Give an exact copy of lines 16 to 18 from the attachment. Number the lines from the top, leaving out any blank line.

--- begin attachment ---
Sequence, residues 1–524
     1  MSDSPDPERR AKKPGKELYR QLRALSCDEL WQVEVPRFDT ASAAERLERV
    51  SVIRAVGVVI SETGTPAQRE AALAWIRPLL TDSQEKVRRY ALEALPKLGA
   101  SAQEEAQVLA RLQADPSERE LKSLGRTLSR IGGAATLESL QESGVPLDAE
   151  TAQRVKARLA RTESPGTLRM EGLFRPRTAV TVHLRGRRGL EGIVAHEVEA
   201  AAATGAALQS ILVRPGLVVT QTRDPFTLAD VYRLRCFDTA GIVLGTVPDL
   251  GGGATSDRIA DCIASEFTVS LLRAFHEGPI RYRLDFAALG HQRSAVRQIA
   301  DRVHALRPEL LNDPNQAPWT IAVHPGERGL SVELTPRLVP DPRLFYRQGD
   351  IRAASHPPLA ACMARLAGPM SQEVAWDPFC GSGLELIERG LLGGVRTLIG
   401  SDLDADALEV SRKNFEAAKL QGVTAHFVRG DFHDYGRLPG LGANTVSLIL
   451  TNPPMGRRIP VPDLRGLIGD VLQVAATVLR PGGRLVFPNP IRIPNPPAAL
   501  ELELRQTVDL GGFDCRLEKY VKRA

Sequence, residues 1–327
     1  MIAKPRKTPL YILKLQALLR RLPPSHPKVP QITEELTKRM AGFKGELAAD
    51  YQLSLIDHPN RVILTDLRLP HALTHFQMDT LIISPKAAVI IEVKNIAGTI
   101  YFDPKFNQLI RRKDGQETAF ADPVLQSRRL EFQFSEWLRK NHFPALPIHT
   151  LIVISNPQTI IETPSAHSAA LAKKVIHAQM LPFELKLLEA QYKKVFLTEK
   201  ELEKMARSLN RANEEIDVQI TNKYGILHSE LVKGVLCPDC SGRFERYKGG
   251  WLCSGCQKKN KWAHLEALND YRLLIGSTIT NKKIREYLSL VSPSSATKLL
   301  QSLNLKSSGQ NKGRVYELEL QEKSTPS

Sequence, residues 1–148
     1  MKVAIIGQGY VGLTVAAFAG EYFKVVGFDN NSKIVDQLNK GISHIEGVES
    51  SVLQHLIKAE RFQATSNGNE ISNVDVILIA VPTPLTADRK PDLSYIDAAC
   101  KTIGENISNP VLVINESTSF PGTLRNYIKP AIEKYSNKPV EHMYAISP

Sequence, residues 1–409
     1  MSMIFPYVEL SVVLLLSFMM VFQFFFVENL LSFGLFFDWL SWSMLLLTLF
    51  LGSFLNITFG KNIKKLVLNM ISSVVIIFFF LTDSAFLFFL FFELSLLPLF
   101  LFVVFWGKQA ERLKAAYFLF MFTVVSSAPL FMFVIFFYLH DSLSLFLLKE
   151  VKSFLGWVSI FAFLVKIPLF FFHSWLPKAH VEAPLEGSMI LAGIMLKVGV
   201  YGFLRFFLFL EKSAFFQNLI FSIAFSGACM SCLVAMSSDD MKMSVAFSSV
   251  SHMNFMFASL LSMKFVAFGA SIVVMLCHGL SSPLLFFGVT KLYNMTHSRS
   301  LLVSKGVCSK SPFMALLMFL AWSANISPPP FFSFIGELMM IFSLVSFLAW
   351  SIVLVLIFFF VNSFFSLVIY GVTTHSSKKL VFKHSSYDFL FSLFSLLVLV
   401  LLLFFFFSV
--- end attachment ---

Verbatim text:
   101  YFDPKFNQLI RRKDGQETAF ADPVLQSRRL EFQFSEWLRK NHFPALPIHT
   151  LIVISNPQTI IETPSAHSAA LAKKVIHAQM LPFELKLLEA QYKKVFLTEK
   201  ELEKMARSLN RANEEIDVQI TNKYGILHSE LVKGVLCPDC SGRFERYKGG